You can also set HTML notifications to be enabled for all of your notifications by adding it the ngNotify config like so:

    html: true

In order for HTML notifications to display, you are required to include the ngSanitize script in your app (eg, via Google CDN, Bower, or There's no need to add it as a dependency to ngNotify. If ngNotify has found the ngSanitize script, it will add it as a dependency to the ngNotify module dynamically. Once included, you just need to toggle the html attribute to true and the module will handle the rest.

If you don't have ngSanitize included and you do set html to true, ngNotify will gracefully degrade back to the default message display and print a debug message to remind you in your browser's console.

Roll Your Own

There are two additional methods that allow you to create your own types and themes.

Custom Notification Types

Creating a custom type will allow you to add additional types of notifications to use throughout your application. To create a new type, use the addType method. The first param is the name you'll use to reference your new type. The second param is the class you'll use to style your new notification type.

ngNotify.addType('notice', 'my-notice-type');

Then you can set any of your notifications up to use that type as you would any other, triggering it by using the name you gave it.

ngNotify.set('This notification is using our new type!', 'notice');

To style your new type, pick a color you'd like to use and set it to the background color of your new style.

    background-color: #ABC123
Custom Themes

Creating a custom theme will allow you to build an entirely new spectrum of notification messages utilizing the existing notification types. To create a new theme, use the addTheme method. The first param is the name you'll use to reference your new theme. The second param is the class you'll use to style your new theme's notification types.

ngNotify.addTheme('newTheme', 'my-new-theme');

Now you can activate your new theme via the config method, using the name you previously assigned to it.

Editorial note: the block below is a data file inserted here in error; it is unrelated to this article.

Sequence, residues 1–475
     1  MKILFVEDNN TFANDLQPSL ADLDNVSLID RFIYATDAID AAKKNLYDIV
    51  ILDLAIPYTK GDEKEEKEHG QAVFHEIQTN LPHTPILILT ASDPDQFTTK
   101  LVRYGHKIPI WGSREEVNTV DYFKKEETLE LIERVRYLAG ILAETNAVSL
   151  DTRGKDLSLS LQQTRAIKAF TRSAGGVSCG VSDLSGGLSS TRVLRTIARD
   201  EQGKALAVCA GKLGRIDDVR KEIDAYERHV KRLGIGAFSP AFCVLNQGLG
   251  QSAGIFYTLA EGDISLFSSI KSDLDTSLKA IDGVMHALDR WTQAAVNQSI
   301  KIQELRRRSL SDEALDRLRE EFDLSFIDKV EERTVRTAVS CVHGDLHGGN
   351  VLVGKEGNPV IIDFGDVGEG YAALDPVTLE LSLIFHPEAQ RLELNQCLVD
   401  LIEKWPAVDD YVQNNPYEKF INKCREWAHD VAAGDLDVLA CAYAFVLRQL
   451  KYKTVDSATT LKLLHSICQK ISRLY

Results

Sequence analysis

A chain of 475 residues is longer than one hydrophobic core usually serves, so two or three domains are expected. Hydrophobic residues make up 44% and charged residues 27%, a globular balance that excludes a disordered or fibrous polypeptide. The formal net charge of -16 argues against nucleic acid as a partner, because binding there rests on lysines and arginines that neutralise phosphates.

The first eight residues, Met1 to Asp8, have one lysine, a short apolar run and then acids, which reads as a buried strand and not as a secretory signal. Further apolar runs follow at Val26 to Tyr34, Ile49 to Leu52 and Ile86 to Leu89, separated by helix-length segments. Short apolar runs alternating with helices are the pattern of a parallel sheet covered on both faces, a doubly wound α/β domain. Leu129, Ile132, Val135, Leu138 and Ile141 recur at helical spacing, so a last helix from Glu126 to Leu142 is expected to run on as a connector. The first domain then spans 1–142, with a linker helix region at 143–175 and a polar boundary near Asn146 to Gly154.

theme: 'newTheme'

To style your new theme, pick a collection of colors you'd like to use for each notification type and set them to each type's background color.

    background-color: #0033CC
    background-color: #FF0000
    background-color: #00CC00
    background-color: #FF9900
    background-color: #660099
Custom Styles

The position, size, color, alignment and more are all styled based on the notification's classes and are all specified in the CSS file. See the style definitions below to see which classes can be used to override any of the styles within your own application.



set(message, type)

displays a notification message and sets the formatting/behavioral options for this one notification.

  • message: string - required - the message to display in your notification.
  • type: string - optional - the type of notification to display.
    • info (default)
    • error
    • success
    • warn
    • grimace


sets default settings for all notifications to take into account when displaying.

  • options - object - an object of options that overrides the default settings.
    • theme: string - optional - sets the theme to use, altering the styles for each notification type.
      • pure (default)
      • prime
      • pastel
      • pitchy
    • type: string - optional - sets the default notification type when a type isn't explicitly set.
      • info (default)
      • error
      • success
      • warn
      • grimace
    • position: string - optional - sets where the notifications will be displayed at in the app.
      • bottom (default)
      • top
    • duration: integer - optional - the duration the notification stays visible to the user, in milliseconds.